In 2015, Sebastopol Chief of police Daniel Ogletree initiated a traffic stop on a Nissan Sentra because the driver, Robert Pinter, was not wearing a seat belt. Ogletree learned he had a suspended drivers license and an outstanding warrant so he placed him under arrest.
Ogletree was going to need to tow the vehicle as there were no other adults in the car so he performed an inventory search and found marijuana, methamphetamine, and Xanax in the trunk of the car. Ogletree read Pinter his Miranda rights and Pinter stated that he understood his rights. Ogletree then showed him the drugs and Pinter said he liked the way they made him feel.
He was convicted of possession of controlled substances and sentenced to four years. On appeal, he argued 1) he never (orally or in writing) expressly waived his rights and 2) the inventory search was improper. MCOA affirmed (on unrelated issue, they remanded for resentencing).
Pinter argues that even if he stated that he did understand his rights, that did not amount to a valid waiver of those rights. Pinter’s argument is without merit. In Houston, this court held that the defendant’s confession was admissible because he confessed after he was advised of his Miranda rights and stated that he understood his rights, even though he then refused to sign a Miranda waiver.
We also said in Odom that just because he did not waive his rights in writing is of no consequence since the lack of a written waiver does not invalidate the waiver. Pinter’s confession is not inadmissible simply because he did not expressly state orally or in writing that he waived his right to counsel or his right to remain silent.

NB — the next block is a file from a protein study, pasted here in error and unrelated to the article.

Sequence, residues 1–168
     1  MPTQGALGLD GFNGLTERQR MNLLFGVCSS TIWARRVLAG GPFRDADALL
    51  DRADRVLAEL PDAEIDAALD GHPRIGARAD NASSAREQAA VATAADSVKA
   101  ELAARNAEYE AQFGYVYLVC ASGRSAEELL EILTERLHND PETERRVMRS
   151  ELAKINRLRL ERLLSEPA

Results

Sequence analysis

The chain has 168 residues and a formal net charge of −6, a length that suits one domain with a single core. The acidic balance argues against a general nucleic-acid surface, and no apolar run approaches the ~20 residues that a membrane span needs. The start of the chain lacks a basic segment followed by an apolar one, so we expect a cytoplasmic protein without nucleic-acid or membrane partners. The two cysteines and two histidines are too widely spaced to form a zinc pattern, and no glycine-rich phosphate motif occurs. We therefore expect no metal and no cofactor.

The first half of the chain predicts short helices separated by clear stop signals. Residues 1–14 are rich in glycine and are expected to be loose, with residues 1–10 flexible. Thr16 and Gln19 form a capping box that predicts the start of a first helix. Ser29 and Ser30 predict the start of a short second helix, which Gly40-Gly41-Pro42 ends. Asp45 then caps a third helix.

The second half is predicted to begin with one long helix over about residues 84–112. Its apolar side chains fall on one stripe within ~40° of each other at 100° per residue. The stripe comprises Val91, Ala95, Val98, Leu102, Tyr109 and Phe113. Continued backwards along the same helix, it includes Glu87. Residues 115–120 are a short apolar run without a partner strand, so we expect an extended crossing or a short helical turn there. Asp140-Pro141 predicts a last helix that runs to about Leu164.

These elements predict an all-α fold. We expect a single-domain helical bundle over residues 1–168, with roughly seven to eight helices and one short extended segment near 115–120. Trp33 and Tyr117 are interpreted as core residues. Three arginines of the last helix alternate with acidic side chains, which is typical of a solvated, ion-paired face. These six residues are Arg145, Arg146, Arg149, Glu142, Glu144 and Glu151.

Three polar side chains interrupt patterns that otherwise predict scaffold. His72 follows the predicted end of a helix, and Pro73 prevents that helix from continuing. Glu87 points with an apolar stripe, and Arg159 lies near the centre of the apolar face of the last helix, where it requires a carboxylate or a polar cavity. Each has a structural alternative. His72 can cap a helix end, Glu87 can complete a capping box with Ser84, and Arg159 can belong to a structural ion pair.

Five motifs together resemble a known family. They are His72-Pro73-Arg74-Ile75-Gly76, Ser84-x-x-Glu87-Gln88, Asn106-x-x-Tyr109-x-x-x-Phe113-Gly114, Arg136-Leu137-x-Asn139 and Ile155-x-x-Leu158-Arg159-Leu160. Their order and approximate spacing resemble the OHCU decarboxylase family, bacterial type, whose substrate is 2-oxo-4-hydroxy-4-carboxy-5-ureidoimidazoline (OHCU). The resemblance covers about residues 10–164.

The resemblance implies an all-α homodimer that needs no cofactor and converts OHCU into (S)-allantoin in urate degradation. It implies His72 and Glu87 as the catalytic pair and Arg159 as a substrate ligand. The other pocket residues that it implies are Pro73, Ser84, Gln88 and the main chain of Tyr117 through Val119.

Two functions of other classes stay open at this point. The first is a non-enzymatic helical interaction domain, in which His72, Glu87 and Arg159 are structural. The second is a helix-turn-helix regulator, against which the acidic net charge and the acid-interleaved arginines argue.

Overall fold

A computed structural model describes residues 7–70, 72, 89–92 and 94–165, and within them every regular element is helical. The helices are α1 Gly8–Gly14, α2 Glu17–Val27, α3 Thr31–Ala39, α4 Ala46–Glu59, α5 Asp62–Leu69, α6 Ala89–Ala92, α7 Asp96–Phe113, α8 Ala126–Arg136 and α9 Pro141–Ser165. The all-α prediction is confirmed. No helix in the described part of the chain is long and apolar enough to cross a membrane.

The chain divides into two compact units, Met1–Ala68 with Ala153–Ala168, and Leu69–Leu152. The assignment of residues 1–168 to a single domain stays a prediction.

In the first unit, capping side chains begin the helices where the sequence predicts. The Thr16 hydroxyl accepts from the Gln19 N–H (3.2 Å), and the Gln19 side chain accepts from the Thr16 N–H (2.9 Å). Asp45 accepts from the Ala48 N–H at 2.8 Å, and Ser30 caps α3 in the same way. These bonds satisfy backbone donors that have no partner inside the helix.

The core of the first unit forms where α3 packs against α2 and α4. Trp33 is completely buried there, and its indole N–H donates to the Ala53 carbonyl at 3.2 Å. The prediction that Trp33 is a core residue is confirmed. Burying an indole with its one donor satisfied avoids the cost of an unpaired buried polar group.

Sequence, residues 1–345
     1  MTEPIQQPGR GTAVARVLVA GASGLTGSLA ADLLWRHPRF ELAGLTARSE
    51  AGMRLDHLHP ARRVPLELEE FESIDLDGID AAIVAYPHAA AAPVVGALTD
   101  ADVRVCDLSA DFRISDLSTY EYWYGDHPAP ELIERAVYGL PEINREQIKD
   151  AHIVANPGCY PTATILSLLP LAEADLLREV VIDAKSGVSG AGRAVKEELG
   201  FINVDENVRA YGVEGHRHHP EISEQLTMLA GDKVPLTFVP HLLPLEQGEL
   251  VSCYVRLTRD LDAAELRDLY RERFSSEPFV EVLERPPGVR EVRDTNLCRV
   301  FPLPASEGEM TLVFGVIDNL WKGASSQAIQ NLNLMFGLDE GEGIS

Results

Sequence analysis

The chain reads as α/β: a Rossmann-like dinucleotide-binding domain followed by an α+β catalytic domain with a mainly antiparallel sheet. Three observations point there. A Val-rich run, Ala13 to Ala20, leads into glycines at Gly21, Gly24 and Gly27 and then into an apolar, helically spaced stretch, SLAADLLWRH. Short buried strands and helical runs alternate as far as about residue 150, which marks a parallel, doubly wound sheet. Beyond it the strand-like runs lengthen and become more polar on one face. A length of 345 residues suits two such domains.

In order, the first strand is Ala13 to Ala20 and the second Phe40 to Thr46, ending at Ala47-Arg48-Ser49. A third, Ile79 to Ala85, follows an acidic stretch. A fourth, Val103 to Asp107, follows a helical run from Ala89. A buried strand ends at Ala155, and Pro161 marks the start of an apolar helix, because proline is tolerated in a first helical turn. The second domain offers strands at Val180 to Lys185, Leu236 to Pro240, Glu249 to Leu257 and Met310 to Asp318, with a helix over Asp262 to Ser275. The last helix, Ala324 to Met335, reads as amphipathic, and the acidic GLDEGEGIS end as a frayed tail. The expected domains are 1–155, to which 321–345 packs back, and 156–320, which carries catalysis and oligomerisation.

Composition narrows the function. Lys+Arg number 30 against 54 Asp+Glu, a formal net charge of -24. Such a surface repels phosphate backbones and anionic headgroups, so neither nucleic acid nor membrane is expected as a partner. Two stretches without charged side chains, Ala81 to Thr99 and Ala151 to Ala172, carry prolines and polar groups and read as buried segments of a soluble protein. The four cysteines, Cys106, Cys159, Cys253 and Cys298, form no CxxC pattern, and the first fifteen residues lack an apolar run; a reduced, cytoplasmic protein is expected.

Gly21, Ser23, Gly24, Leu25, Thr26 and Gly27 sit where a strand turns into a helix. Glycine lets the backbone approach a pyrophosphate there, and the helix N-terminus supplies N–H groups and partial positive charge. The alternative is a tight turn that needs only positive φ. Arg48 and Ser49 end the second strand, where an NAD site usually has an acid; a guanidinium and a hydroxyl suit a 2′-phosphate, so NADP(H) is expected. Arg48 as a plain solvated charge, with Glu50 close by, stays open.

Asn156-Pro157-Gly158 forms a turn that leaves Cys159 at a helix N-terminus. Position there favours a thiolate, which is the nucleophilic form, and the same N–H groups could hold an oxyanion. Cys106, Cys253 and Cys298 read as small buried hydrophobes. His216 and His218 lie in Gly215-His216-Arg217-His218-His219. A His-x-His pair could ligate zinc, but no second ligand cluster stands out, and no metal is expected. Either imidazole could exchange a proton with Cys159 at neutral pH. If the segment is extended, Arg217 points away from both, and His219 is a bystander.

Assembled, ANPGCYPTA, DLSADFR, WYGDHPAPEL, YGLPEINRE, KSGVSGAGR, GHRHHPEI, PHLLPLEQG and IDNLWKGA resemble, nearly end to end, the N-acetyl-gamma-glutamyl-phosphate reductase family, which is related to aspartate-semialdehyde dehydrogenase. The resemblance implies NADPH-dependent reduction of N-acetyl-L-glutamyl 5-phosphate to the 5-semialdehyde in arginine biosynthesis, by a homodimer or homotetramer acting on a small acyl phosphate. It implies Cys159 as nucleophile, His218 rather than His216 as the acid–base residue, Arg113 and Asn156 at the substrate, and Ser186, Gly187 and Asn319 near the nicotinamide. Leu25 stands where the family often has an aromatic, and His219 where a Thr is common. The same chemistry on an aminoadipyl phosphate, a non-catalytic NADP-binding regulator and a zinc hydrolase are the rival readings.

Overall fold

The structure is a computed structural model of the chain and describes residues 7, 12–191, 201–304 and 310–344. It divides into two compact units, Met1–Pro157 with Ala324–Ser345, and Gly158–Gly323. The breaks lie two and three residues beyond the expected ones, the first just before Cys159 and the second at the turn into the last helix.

The United States Supreme Court explained in North Carolina v. Butler, 441 U.S. 369 (1979): An express written or oral statement of waiver of the right to remain silent or of the right to counsel is usually strong proof of the validity of that waiver, but is not inevitably necessary to establish waiver. The question is not one of form, but rather whether the defendant in fact knowingly and voluntarily waived the rights delineated in the Miranda case.
B. Inventory Search of car
Inventory searches have good purposes: to protect the vehicle and the property in it, and to safeguard the police or other officers from claims of lost possessions. An inventory search may also serve to protect the police from danger.
Such a search is reasonable and consistent with the Fourth Amendment when it is clear that the procedure used is a valid inventory and is not merely a pretext for a search, whether or not there is some suspicion that contraband or other evidence may be found.
In Logan, this court held that it is permissible for officers to conduct an inventory search
of a vehicle when the circumstances require it to be impounded. MSC has also held in Robinson v. State, 418 So. 2d 749 (Miss. 1982), that a valid inventory search may extend to the locked trunk of a car.
In O’Connell, this court recognized that police may conduct an inventory search while the vehicle is still on the highway awaiting towing and that the search does not offend Fourth Amendment principles so long as it is made pursuant to standard police procedures and for the purpose of protecting the car and its contents.
Because the car was about to be towed, it was not unreasonable and did not violate the Fourth Amendment for Ogletree to search the vehicle to determine whether it contained any valuable contents that needed to be safeguarded. Ogletree testified that the search was an inventory search and that its purpose was to determine whether there was anything valuable inside the vehicle. Ogletree also testified that it was his normal practice to conduct an inventory search when he made an arrest in the course of a traffic stop.